Early Latin America: A History of Colonial Spanish America and Brazil

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Cambridge University Press, Sep 30, 1983 - History - 480 pages
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This book provides a general history of Latin America in the period between the European conquest and the gaining of independence by the Spanish American countries and Brazil (approximately 1492-1825). It is both an introduction for the student at the college level and a provisionally updated synthesis of the quickly changing field for the more experienced reader. The authors' aim is not only to treat colonial Brazil and colonial Spanish America in a single volume, something rarely done, but also to view early Latin America as one unit with a centre and peripheries, all parts of which were characterized by variants of the same kinds of change, regardless of national and imperial borders. The authors integrate both the older and the newer historical literature, seeing legal, institutional, and political phenomena within a social, economic, and cultural context. They incorporate insights from other disciplines and newer techniques of historical research, but eschew jargon or technical concepts. The approach of the book, with its emphasis on broad social and economic trends across large areas and long time periods, does much to throw light on Latin America in the nineteenth and twentieth centuries as well.
  

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Review: Early Latin America: A History of Colonial Spanish America and Brazil (Cambridge Latin American Studies)

User Review  - Chris Gager - Goodreads

I don't think this is the book I partly read but close enough. I found it lying in the middle of the road all wet and beat up. I dried it out and read some of it. Probably a textbook. Very dry of course but the story of exploration and conquest is interesting. I pretty much gave up after that. Read full review

Contents

Iberian ways
3
Functional groupings of society
4
Other principles of social organization
7
Ethnic groups
9
Government
11
The ecclesiastical component
13
Commerce
15
Slavery
17
The New Granadan gold complex
177
Brazilian beginnings
181
From donatary captaincies to royal government
183
Indian and African labor in Brazil
194
Brazil in the sugar age
202
The world that sugar created
204
The African and slavery
215
Merchants and commerce
221

Castile
19
Portugal
22
Portuguese expansion
24
Sugar and commercialagricultural slavery
26
Brazil and Portugals empire
28
Christopher Columbus Genoese
29
Indigenous ways
31
Sedentary peoples
37
Semisedentary peoples
52
Nonsedentary peoples
55
ORIGINS AND EARLY MATURITY
59
From islands to mainland the Caribbean phase and subsequent conquests
61
The course of Caribbean events
62
Spanish city and society on Hispaniola
65
Mechanisms of SpanishIndian interaction
68
Precious metals and their role in the economy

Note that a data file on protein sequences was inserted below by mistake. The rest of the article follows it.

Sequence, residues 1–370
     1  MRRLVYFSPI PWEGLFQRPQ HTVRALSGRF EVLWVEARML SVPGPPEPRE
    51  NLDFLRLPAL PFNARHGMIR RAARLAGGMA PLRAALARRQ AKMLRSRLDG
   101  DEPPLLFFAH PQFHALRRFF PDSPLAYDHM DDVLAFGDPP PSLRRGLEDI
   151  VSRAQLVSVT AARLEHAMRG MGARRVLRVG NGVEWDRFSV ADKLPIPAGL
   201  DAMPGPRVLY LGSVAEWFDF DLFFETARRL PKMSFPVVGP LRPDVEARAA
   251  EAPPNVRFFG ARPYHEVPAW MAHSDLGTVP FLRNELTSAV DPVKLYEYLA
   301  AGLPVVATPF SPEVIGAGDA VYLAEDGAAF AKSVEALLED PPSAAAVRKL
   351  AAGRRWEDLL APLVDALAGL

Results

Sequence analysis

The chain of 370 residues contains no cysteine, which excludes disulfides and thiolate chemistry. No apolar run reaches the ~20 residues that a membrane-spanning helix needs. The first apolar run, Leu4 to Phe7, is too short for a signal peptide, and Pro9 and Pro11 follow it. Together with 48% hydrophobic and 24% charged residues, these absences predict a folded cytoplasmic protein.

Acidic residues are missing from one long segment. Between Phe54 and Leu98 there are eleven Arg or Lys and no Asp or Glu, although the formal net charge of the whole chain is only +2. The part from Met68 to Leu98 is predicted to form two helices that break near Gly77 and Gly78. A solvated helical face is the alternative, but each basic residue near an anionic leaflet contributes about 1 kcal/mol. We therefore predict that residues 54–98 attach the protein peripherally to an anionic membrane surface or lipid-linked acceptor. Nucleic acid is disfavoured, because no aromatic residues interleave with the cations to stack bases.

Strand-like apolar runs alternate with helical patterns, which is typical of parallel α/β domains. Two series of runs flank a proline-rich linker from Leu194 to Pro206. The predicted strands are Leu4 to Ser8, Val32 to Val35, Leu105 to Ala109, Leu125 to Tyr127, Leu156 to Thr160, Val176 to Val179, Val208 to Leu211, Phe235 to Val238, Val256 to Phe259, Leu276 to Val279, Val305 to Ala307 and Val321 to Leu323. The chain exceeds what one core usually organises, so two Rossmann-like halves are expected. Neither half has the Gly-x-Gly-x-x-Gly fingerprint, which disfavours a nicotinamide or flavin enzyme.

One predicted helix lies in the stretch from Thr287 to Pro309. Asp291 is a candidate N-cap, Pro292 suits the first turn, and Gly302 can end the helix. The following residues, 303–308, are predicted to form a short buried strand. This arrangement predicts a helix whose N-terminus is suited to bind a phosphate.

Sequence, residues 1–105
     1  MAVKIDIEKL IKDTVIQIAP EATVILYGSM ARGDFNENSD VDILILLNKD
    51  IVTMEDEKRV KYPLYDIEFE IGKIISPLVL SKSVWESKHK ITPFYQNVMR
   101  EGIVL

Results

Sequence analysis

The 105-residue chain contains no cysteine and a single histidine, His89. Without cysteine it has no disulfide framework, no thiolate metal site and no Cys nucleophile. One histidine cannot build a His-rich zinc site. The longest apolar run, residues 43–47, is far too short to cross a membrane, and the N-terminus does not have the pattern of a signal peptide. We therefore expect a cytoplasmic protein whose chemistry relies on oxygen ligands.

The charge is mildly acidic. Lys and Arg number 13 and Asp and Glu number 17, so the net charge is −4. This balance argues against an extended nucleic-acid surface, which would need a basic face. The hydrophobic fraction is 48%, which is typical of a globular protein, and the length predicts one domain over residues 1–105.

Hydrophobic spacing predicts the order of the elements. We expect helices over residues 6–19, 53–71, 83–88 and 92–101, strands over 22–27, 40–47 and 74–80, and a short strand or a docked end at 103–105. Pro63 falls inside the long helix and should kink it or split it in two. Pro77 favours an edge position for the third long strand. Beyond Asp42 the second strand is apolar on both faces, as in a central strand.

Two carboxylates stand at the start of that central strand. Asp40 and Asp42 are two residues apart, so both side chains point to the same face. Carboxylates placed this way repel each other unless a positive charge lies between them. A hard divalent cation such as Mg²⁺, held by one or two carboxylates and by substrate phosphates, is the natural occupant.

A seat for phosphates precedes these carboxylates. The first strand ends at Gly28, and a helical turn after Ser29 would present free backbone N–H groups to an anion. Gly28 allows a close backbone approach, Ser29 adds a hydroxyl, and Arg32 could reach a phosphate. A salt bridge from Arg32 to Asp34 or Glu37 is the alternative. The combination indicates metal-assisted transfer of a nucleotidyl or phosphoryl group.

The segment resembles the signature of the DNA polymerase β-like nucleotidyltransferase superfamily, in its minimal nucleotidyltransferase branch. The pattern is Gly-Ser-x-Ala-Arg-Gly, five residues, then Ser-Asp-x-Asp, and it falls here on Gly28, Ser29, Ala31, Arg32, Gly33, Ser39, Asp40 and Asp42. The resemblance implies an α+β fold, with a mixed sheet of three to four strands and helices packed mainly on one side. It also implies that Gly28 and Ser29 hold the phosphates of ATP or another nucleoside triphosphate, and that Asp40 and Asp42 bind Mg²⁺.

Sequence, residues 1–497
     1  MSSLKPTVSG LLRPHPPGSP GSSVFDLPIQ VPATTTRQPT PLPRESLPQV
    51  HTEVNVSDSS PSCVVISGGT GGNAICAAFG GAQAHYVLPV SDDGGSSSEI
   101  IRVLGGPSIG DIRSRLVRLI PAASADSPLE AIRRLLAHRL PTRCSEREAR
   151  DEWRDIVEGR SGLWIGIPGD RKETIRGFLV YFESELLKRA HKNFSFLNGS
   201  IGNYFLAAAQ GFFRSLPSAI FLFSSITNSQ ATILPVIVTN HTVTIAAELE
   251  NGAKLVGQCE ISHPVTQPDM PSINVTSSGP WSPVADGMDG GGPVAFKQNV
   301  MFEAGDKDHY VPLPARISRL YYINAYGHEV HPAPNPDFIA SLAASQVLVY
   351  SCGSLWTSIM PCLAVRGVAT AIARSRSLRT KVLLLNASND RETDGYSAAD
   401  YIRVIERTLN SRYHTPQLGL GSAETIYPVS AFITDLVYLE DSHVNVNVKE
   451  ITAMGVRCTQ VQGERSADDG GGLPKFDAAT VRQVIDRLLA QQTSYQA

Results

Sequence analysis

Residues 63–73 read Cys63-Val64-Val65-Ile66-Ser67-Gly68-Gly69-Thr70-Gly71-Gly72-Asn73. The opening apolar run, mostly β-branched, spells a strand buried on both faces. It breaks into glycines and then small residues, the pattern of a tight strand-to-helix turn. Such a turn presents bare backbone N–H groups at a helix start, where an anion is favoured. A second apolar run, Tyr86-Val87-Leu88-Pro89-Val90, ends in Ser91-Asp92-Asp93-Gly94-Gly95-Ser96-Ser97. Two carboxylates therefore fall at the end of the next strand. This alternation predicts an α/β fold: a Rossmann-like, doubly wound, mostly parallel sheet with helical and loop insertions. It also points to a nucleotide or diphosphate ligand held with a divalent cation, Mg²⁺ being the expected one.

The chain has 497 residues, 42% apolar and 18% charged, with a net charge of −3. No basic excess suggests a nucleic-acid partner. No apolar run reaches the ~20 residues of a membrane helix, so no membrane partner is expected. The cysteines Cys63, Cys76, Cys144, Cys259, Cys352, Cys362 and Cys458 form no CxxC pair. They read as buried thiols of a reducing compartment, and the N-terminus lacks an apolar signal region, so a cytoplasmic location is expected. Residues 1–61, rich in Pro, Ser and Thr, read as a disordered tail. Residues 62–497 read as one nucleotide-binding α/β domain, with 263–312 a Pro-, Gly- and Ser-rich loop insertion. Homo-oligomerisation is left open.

73
Elements of the international maritime tradition
74
The Spanish Caribbean heritage expressed in vocabulary
76
Mechanisms of expansion and the evolution of expeditionary forms
78
Patterns of conquest and resistance
80
The double trajectory of conquest
83
Conquest society central areas
86
The encomienda
92
Commerce and artisanry
96
Mining
100
Officials and practices of government
102
Ecclesiastics
106
Indians
111
Areas of transition
118
Phenomena of conclusion
119
Maturity in the Spanish Indies central areas
122
City government and society
125
Development of the local Spanish economy
132
The international economy
146
Ecclesiastical matters
154
Intellectual life
159
The Indian world
164
New Christians
225
Cities and towns
227
The social fabric
233
Cultural matters
238
Government and society
243
The international context
249
The fringes
253
the Rio de la Plata and southern Brazil
257
The Amazonian fringe
273
A Caribbean variant
282
Frontiers
287
Some comparative aspects
302
REORIENTATION
305
Late colonial times in the Spanish Indies
315
Creole consolidation and metropolitan reaction
322
haciendas Indians and silver mining
327
The east coast revolution
336
The Bourbon reforms
346
The intendancy reform
352
The creation of a military
358
Economic reforms and their implications
362
Brazil in the age of gold and absolutism
369
Minas Gerais
370
The impact of gold
379
The Pombaline reforms
383
Pombaline Brazil
388
Population family and society
397
Epilogue the coming of independence
405
Preindependence stirrings
406
International developments
412
The independence movements
415
Some perspectives on the independence movements
419
Postindependence continuities
424
Bibliography
427
Index
455
Copyright

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About the author (1983)

James Lockhart is Professor of History at the University of California, Los Angeles. His most recent book is "The Nahuas After the Conquest

Stuart B. Schwartz is George Burton Adams Professor of History and Master of Ezra Stiles College at Yale University. He is author or editor of several books, including ###Slaves, Peasants, and Rebels: Reconsidering Brazilian Slavery.#

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